As the world moves towards paperless environmental inspection solutions, stakeholders are continually acknowledging the benefits of these technologies in total process optimization.
Digitization enables organizations to meet environmental standards and regulations efficiently and to utilize real-time data collection and analysis through processes like change detection.
In this guide, we discuss why existing technologies are ineffective as well as new, better ways of performing and automating environmental inspections through inspection management software and workflow automation. The aim is to help you apply these new strategies to your business or industry.
What is an Environmental Inspection?
An environmental inspection refers to the process of checking whether an organization complies with environmental laws and regulations.
During an environmental inspection, the inspector will check whether an organization aligns its operations with the existing environmental permits. Common focus areas of an environmental inspection are waste management, hazardous waste management, as well as water and air quality assessments.
In the mining industry, environmental assessments help minimize negative environmental impacts on mine sites. Such activities can help in the management of waste materials that cause harmful environmental consequences, the protection of water and land assets, the sustenance of environmental biodiversity, as well as other related long-term benefits.
Aligning inspections with relevant environmental regulations makes all these possible.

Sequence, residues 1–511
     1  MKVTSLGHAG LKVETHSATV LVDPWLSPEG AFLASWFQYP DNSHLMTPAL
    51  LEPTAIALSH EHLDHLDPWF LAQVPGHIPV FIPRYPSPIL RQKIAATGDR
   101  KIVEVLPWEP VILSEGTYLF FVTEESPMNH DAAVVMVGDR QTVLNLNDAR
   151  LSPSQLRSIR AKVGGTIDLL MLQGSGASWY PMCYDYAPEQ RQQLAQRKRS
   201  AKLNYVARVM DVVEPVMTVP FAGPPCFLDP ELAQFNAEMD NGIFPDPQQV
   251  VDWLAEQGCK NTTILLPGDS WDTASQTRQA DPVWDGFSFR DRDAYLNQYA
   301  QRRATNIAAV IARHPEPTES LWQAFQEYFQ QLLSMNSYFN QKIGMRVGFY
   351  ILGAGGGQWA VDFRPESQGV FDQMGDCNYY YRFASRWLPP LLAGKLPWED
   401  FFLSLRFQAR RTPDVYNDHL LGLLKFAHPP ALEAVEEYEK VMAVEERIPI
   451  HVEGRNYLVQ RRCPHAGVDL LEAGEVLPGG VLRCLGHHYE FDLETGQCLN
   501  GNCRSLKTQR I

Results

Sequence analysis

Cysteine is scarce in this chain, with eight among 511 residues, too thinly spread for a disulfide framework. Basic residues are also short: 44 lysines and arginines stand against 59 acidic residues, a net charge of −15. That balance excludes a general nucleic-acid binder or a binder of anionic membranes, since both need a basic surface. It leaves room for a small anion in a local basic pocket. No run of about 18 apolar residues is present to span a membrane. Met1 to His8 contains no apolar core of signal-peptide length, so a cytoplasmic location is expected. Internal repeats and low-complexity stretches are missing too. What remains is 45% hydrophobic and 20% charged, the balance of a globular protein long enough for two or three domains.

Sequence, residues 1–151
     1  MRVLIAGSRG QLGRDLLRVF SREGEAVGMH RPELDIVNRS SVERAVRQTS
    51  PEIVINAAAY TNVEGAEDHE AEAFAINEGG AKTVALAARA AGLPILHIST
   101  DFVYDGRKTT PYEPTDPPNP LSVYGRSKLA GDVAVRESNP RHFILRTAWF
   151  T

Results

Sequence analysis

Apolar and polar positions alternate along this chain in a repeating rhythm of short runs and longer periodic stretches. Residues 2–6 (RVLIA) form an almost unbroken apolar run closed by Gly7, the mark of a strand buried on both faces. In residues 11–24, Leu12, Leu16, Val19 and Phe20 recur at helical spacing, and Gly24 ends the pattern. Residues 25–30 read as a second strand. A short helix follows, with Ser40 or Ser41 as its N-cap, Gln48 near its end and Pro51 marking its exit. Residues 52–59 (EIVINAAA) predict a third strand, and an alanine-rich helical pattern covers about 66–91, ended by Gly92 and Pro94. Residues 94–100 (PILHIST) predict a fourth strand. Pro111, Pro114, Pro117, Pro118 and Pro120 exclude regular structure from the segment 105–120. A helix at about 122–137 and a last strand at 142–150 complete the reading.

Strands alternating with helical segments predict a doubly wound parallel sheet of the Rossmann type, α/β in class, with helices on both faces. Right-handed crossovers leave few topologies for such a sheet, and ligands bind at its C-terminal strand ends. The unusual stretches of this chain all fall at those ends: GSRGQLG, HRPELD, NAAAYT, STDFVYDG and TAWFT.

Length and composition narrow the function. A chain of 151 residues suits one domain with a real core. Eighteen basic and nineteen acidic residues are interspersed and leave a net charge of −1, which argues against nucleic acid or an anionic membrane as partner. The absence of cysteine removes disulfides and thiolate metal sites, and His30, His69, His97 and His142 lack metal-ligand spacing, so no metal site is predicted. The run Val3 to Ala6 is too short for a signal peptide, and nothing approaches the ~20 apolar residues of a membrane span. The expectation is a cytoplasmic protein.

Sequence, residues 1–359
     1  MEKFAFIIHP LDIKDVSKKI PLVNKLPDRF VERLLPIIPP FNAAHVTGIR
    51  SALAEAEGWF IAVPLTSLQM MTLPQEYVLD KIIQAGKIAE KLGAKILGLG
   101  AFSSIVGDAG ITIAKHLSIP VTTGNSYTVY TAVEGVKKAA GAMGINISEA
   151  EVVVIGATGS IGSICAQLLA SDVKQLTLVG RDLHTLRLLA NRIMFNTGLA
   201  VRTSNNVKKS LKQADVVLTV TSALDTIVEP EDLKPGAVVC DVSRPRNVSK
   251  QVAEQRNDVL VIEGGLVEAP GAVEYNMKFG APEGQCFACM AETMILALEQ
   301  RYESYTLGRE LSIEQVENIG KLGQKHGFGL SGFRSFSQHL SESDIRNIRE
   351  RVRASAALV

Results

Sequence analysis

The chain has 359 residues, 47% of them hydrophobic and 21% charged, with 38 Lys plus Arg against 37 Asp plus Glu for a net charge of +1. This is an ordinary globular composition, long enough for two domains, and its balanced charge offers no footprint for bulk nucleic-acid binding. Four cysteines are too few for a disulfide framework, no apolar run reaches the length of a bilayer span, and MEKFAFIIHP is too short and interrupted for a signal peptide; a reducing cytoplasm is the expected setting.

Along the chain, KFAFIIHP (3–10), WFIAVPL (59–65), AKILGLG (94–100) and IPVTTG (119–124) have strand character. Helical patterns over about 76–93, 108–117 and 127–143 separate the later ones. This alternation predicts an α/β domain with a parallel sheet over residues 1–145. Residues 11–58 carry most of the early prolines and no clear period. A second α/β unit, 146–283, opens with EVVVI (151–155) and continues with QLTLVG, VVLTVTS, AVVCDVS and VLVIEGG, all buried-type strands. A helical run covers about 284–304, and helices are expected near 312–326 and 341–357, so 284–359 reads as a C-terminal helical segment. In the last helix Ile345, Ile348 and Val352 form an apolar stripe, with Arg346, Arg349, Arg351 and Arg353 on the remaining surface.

Steps Taken During an Environmental Inspection
Every environmental inspection process takes place in four distinct stages—planning, the formulation of the execution framework, execution and reporting, and performance monitoring.
We explain each stage below in detail.
The planning stage sets the pace for the inspection process. The following substages involved during planning include:
- Describing the context. The primary activities involved here are scope setting and context definition. It is important to align the context with the inspection goals and objectives.
- Priority setting. The next process is defining all the risks that the environmental inspection process poses. The inspector will state whether a certain risk is high, medium, or low.
- Setting objectives and strategies. The inspection objectives are the set of goals that will then be measured at the end of the inspection process. It is important that you state how you plan to comply with the relevant environmental regulatory requirements.
- Planning and review. The final planning state entails defining the schedule and plan that the team will follow. It is crucial to detail the objectives and to define the conditions that it will take for the inspection to be completed. You can then monitor progress as you continue.
Formulating the Execution Framework
These include sets of essential instructions and protocols. The incorporation of effectiveness, professionalism, and consistency is vital.
Execution and Reporting
This is the actual execution. At this stage, the inspectors will assess the premises based on the predetermined protocols.
After the inspection is complete, the next actions are data collection, review, and analysis. This information helps in formulating reports, which then helps determine whether the inspector will issue the compliance certificate or whether a revision of the existing one is necessary.
The Ineffectiveness of Existing Environmental Inspections Methods
Organizations can undertake environmental inspection procedures using various methodologies. The most commonly used are the following:
Paper and Spreadsheets
Paper-based safety programs have been the go-to option for most organizations. However, the need to constantly acquire and organize paperwork can become long and tiresome for most safety professionals.
The solution to this pain point is shifting to a paperless solution. Such a shift would definitely help organizations save time and money since all the data can be stored digitally.